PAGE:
In France, during the mobilization against gay marriage, all forms of hatred have been expressed: against homosexuals, women, migrants, secularity.This mobilization has allowed the violence which is spreading all over Europe to get the legitimacy and social support to spread in France.
Hate speeches in the Parliament, rallies where leaders of democratic and antidemocratic parties walked side by side, too-weak condemnations of the violent acts which took place at the end of the protests, which were political attacks against democracy, the acceptance of all the enemies of democracy, all the racists and all the far-right thugs at these rallies have paved the way to, made possible the murder of Clément.
Now, along with the shock, the renewal of involvement must come – with that of public authorities to come first. It is fundamental that they resume their support for the fight against racismand for democracy. It is high time to give life to two of the main thematics of the electoral campaign of François Hollande: youth, who have been hit in the heart today, and equality, which has been assaulted by months of a gruesome reactionary mobilization. Last, it is of course a democratic necessity to ban far-right groups which bear responsibility for the murder of Clément.
It is also time for the renewal of the involvement of civil society, which has been too passive when opposing the rise of the far right in France like elsewhere on our continent. We must tolerate no hate speech and no illegal act, since none of them are innocent. We must not let ourselves be impressed by the feeling of might and permissiveness which the enemies of democracy feel because we, the democrats, are the many, in France like elsewhere in Europe.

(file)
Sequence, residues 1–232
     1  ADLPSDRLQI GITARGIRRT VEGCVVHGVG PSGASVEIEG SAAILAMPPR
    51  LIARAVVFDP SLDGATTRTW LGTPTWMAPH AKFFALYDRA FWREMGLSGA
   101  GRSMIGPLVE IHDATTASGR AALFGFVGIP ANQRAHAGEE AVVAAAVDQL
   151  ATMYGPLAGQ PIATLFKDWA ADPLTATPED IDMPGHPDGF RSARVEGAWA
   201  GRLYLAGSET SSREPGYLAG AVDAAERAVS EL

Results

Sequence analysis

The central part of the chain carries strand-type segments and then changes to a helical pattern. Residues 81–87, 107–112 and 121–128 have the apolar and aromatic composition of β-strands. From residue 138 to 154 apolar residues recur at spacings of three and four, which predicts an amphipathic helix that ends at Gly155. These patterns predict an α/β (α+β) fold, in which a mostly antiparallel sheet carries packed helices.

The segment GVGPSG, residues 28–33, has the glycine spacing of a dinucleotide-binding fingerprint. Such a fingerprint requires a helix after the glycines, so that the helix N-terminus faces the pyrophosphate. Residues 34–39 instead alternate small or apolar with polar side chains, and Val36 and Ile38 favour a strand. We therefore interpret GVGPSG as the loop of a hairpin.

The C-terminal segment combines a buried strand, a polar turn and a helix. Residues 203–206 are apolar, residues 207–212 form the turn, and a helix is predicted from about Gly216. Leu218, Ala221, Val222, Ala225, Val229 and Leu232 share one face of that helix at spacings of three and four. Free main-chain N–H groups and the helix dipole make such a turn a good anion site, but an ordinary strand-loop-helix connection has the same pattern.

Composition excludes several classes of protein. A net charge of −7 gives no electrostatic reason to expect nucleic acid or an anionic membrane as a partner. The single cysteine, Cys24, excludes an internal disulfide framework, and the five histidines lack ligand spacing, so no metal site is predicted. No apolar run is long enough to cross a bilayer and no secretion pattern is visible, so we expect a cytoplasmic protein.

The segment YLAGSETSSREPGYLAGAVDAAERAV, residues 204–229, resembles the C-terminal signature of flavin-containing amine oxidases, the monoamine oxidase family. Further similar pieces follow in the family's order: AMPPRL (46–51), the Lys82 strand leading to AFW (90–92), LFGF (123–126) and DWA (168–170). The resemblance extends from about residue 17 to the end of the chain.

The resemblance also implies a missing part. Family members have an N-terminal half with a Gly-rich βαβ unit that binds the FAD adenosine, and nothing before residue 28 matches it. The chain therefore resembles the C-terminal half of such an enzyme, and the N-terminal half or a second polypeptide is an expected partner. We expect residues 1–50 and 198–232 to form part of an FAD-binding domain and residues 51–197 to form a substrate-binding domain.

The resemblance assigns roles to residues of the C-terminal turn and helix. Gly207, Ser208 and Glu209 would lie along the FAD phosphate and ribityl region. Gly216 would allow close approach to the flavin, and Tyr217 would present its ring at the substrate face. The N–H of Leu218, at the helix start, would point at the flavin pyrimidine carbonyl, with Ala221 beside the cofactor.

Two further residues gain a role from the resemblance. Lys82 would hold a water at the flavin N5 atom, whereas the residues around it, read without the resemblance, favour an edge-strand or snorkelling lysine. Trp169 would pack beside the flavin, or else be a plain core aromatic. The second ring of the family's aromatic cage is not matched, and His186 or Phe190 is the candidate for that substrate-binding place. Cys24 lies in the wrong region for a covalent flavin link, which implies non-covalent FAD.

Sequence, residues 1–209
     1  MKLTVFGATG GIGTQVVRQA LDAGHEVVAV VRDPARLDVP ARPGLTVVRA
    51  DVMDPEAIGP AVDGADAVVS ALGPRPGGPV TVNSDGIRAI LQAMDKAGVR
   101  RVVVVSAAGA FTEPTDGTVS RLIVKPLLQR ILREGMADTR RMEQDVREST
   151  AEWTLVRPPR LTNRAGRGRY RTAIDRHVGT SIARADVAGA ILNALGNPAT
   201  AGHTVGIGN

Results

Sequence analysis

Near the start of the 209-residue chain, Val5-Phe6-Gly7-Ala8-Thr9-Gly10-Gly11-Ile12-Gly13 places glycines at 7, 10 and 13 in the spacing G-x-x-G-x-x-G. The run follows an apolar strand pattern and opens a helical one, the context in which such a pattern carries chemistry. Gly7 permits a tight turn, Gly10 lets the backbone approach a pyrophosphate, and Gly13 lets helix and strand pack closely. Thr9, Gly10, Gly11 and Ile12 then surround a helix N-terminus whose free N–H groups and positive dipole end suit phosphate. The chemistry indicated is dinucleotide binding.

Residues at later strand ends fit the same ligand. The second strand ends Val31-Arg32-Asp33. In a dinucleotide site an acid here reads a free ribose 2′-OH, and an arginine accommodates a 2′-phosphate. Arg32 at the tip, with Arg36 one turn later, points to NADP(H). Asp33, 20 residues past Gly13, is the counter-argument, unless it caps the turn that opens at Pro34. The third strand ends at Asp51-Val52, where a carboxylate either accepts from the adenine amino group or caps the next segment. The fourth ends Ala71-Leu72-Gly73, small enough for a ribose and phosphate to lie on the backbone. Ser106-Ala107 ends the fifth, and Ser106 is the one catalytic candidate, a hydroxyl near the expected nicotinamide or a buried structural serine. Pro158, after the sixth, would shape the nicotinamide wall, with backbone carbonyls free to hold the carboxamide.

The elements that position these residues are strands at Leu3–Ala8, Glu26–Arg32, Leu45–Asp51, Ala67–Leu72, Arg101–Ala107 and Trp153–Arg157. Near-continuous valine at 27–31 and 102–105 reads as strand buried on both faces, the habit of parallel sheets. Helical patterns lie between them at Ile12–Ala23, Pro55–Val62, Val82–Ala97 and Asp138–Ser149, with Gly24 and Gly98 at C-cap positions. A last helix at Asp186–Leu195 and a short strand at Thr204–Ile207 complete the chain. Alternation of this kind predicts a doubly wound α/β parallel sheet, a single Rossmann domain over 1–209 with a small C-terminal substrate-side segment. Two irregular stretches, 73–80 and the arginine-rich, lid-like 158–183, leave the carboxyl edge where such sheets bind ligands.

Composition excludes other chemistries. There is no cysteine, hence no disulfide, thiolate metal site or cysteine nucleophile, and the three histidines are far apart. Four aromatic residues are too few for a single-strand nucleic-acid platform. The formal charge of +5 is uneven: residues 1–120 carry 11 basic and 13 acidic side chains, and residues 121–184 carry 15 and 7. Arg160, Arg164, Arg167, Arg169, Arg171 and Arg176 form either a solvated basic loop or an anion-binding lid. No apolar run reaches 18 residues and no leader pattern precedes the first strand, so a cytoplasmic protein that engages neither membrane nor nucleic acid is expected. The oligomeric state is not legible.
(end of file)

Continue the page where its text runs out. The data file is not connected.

What is at stake with this involvement is clear: liberty, democracy and life. Let us ensure that Clément is the last one to fall under the blows of the far right.
SWITZERLAND | Swiss back tighter asylum rules
Source: BBC Sunday, 9 June 2013, 23:04
Swiss voters have overwhelmingly backed a controversial move to tighten asylum restrictions amid a spike in the number of refugees in the country.
Almost 80% of voters approved changes made to the asylum law last September, final results of a referendum said. Under the new rules military desertion is no longer a reason for granting asylum, and people cannot now apply through Swiss foreign embassies.
About 48,000 people are in the process of seeking asylum in Switzerland. The BBC's Imogen Foulkes, in Geneva, says Switzerland has a long tradition of generosity towards asylum seekers - its proportion of refugees per head of population is twice the European average.
But the number of asylum seekers is rising sharply and is at its highest in a decade. That, coupled with sharp rises in immigration overall, has led to public concern that too many people are coming to Switzerland, our correspondent says.